New Non Compete Law in Massachusetts
In 2018, the Massachusetts Legislature passed a statute limiting the enforceability of non-compete agreements. This new law makes significant changes, but it only applies to agreements signed on or after October 1, 2018. The major changes are: (i) employees who are not exempt from overtime laws cannot be held to a non-compete; (ii) the period of restriction, absent special circumstances, cannot be more than one year; and (iii) again, absent special circumstances, an employer who wants to hold someone to a non-compete is obligated to pay at least 50% of that employee's salary during the period of restriction. For more information on the new law, you can request a free copy of our special report.
What If My Job Changed or My Employer Didn't Pay Me?
Enforceability of non compete agreements can be affected by things that happen after a non compete agreement is signed. For example, there have been cases where a material change in job responsibilities or compensation were found to nullify an existing non compete agreement, or where the employer's breach of a material term of the employment agreement (such as nonpayment of wages or commissions) excused the employee from honoring the non compete agreement.
Employment Lawyer and Author
What Interests Can Be Protected by a Non Compete?
You cannot be blocked from taking a job just because your former employer does not want you working for a competitor. You can only be blocked if enforcing the agreement is necessary to protect either your former employer's trade secrets and confidential information or its good will. "Good will" generally means the reputation and relationships you have built with customers or clients under the employer's name.
Are Non Compete Agreements Enforceable?
In Massachusetts, enforceability of non compete agreements depends whether they are reasonable in time and geographic scope, and whether they protect a legitimate business interest of the employer. It is important to remember that “reasonableness” depends upon the circumstances, and there is no bright line rule about how long a non compete can last, or how far it can reach geographically, because both of those questions depend on whether the time or scope of the non compete is reasonable in light of the interest the employer is seeking to protect. So, for example, a nationwide non compete might be enforceable if the affected employee had a nationwide sales territory, while a 25 mile non-compete might be unenforceable for a hair stylist, whose range of influence while employed was much smaller than that.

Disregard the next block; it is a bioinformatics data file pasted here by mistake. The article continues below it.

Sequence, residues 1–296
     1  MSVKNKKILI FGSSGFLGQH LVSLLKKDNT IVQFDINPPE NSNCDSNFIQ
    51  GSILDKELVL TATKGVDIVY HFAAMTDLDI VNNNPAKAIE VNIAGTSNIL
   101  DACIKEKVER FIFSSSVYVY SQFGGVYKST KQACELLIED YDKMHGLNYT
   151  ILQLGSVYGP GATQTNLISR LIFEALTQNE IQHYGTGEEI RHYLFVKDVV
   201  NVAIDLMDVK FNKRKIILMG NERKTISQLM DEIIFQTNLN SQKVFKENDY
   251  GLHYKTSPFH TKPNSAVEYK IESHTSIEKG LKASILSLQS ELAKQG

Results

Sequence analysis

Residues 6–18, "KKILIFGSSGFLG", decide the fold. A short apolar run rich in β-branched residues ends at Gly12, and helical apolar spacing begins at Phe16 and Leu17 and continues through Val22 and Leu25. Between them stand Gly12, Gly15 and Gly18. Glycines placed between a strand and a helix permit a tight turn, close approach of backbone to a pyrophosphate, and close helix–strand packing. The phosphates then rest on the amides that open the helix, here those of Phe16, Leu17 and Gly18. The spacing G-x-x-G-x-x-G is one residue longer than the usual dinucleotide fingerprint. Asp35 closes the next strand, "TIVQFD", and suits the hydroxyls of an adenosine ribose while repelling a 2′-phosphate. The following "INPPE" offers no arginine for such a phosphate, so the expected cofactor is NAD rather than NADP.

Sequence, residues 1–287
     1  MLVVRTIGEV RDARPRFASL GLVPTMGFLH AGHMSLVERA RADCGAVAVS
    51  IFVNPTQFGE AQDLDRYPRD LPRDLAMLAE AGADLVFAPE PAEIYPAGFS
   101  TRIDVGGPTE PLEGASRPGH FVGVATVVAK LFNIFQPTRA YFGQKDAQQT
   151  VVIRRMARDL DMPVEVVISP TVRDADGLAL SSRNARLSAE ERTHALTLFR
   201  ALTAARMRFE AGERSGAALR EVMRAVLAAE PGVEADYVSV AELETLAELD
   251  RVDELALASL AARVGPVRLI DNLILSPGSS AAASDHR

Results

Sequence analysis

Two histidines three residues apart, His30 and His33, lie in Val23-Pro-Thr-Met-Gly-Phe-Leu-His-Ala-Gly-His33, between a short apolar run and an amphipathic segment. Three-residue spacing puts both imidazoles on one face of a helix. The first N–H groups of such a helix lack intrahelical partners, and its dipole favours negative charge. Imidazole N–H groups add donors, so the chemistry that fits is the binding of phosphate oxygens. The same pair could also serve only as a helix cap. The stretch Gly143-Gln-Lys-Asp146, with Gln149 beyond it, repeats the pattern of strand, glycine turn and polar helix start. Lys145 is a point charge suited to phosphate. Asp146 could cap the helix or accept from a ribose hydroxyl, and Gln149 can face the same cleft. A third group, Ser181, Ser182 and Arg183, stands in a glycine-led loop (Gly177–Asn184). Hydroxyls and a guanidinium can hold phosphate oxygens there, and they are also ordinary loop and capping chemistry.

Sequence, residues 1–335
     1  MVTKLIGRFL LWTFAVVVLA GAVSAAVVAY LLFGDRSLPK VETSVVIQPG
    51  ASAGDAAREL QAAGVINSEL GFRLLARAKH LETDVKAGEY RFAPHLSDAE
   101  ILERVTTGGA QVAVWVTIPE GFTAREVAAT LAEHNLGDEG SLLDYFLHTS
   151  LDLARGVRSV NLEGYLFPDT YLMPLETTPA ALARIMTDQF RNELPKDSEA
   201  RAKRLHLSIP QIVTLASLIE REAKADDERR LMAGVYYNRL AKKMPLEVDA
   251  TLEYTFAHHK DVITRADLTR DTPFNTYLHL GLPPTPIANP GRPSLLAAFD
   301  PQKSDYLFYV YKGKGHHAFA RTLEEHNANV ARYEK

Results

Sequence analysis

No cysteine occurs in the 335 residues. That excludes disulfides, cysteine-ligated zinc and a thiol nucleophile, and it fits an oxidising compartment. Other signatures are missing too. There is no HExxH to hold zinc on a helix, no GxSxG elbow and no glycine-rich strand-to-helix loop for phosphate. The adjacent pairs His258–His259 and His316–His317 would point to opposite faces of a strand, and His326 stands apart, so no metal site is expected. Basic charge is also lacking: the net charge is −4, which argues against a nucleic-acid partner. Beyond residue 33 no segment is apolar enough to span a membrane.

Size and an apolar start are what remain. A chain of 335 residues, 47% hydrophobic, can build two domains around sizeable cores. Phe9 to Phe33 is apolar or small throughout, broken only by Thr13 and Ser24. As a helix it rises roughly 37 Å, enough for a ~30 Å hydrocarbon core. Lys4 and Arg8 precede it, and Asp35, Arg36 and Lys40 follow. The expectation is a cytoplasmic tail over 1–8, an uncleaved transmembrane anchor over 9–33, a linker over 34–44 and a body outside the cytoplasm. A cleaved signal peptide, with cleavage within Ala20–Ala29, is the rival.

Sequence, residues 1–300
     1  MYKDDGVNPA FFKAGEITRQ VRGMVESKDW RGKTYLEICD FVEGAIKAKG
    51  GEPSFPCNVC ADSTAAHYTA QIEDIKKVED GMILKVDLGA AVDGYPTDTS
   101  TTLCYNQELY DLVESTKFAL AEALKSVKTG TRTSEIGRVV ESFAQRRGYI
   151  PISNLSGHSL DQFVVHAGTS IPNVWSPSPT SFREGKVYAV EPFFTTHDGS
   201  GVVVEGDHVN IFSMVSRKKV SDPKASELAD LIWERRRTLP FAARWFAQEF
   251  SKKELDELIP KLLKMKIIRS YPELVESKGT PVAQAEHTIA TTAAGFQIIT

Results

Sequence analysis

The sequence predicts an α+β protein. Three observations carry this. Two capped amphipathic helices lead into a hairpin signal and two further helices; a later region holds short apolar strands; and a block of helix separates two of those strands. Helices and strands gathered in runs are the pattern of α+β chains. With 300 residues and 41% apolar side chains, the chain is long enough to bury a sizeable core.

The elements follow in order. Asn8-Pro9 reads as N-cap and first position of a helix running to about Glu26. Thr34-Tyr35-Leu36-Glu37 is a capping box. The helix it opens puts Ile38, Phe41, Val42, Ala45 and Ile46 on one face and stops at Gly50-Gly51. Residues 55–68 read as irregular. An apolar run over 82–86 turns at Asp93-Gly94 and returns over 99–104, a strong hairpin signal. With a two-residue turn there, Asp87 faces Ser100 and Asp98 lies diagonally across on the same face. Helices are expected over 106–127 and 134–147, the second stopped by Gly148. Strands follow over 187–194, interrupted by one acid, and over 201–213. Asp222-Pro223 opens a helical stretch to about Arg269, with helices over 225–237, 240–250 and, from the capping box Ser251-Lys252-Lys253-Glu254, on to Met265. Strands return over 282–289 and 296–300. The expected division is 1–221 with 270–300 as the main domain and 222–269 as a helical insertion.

Does My Employer Have to Pay Something for My Non Compete?
Non compete agreements must also be supported by “consideration.” This means the employee must receive something in exchange for agreeing to the non compete. It is fairly well settled that a new employee can be asked to sign a non compete agreement as a condition of being hired, but much less clear that continued employment is sufficient consideration for an existing employee to sign one. For agreements signed on or after October 1, 2018, the new law is clear that some additional consideration must be given if you are asked to sign a non compete after you start employment.